Parser Configuration Tree¶
This chapter explains where the parsers and their related files are located.
The punch configuration folder of a platform
is located under the
That folder holds all the configuration files of your
platform. We focus here on those files related to log management:
- parsers : a set of punchlets parsers, some of them generic to all log types, some of them specific to a particular log type.
- elasticsearch templates : a set of template to define Elasticsearch mappings. In a nutshell, a mapping is a schema definition to be applied when indexing a document into a given Elasticsearch index. These mappings defines types like integer, String, date or even IPV4 ip addresses format.
- grok patterns : a set of standard grok patterns (compatible with Logstash), made available to the punchlet Grok operator. A grok pattern is a predefined regex, it takes a String as input and convert it into a well organised Json document.
- punchlets resources : punchlets can be packaged with their own resource files.
- kibana dashboards : at the end of their journey, logs are stored into Elasticsearch, and rendered to you through a Kibana dashboard.
All these files must be designed carefully and consistently. Depending on the parsing result, you will probably make dedicated Elasticsearch templates and Kibana dashboards. Changing your parsers could make it non indexable anymore into Elasticsearch. In that sense, all these files must be created with caution and shipped as one consistent software package.
These files can be defined for all tenants, per tenants or per channel.
The directory layout to define resources at various level is illustrated next.
│ # the repository folder contains binary parser, java or python │ # packages. It is used if you work with maven based deployments. ├── repository │ └─── firewall-parsers-1.0.0.zip │ │ # the resource folder contains platform wide (i.e. for all tenants) │ # configuration files such as mappings, dashboards etc.. ├── resources │ ├── elasticsearch │ └── kibana │ │ # Directory layout for per tenant/channel configuration files. │ # These are the ones use when starting/stopping a channel. │ # Do not update these files by hand, they are generated from │ # samples and templates. └── tenants └── <your_tenant> │ │ # The per tenant resources folder contains the punchlets, resource files │ # that you ship as plain files. They can be used only by punchline from │ # this tenant. ├── resources │ └── punch │ └── org │ └── thales │ └── punch │ │ # the org/thales/punch path is important. │ │ # it conforms to a groupId (org/thales/punch) identifier │ │ # you typically have defined in a maven repository │ ├── common │ │ ├── input.punch │ │ └── syslog_header_parser.punch │ └── apache_httpd │ ├── resources │ │ ├── http_codes.json │ │ └── taxonomy.json │ └── parser.punsh │ │ # Your channels └── channels ├── <your_channel> │ ├── channel_structure.json │ ├── <channel_topology_file(s)>.yml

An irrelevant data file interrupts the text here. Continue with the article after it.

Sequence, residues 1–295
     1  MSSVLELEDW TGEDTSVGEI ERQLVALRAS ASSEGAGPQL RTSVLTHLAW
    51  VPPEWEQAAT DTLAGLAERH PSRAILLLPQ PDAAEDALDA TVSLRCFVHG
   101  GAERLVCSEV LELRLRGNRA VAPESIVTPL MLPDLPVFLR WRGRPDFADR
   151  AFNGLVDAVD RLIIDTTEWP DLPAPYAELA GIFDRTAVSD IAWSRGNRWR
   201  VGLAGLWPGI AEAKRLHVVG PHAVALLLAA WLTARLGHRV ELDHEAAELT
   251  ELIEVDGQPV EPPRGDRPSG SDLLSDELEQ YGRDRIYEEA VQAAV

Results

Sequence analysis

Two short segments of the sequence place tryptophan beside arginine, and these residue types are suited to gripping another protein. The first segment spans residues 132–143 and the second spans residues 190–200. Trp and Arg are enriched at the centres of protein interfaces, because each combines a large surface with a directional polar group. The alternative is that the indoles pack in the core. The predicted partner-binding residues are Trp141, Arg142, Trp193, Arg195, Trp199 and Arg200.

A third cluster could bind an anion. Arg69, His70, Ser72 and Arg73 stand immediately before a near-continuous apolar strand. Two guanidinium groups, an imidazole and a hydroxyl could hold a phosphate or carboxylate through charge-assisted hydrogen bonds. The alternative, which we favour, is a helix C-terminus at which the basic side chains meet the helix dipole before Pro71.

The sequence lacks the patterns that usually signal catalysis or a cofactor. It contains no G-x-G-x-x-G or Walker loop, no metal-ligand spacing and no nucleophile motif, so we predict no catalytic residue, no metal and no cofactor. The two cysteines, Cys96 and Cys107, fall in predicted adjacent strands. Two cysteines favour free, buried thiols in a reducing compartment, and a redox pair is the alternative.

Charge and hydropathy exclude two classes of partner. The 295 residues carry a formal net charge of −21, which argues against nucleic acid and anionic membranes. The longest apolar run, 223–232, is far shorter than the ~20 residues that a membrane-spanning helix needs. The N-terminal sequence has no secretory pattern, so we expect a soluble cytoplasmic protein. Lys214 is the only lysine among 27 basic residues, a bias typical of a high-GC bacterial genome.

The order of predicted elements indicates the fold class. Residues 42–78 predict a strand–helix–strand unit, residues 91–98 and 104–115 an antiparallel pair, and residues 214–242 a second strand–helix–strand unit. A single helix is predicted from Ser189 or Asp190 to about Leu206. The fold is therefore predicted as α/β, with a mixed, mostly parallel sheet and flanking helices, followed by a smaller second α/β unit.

As you can see you have two different ways to ship punchlets:
- using packages like
firewall-parsers-1.0.0.zip. These packages are uniquely identified including a version number and can be used from all tenants. Each brings in a complete set of tested punchlets, grok pattern and resource files.
- by directly inserting punchlet files into your configuration tree. You can do that only inside a tenant. Sharing punchlets among several tenants is dangerous and end up being error prone for your ops.
In this example org/thales/punch is only used as an example. If you want to ship your own parsers or functions, use something like 'com/mycompany'.
Whatever you do make sure to conform the standard name scoping rules. Say for example you have an [input.punch] punchlet that is common to all your channels, because it (say) only adds a timestamp in your parsed log. A good practice is to put it under a common per tenant subdirectory:
Now let's say you need to change that timestamp format only for a given log
channel. Put an updated
input.punch in the per channel resources
To refer to that punchlet in a punchline configuration file, refer to the Punch Node Here is ane example of a punchlet nodes that refers to the above example files:
type: punchlet_node component: my_punch_bolt settings: punchlet_json_resources: - org/thales/punch/apache_httpd/resources/http_codes.json - org/thales/punch/apache_httpd/resources/taxonomy.json punchlet: - org/thales/punch/common/input.punch - org/thales/punch/common/syslog_header_parser.punch - org/thales/punch/apache_httpd/parser.punch
If you stick to the correct naming conventions your punchlines will work with local files of installed packaged seamlessly.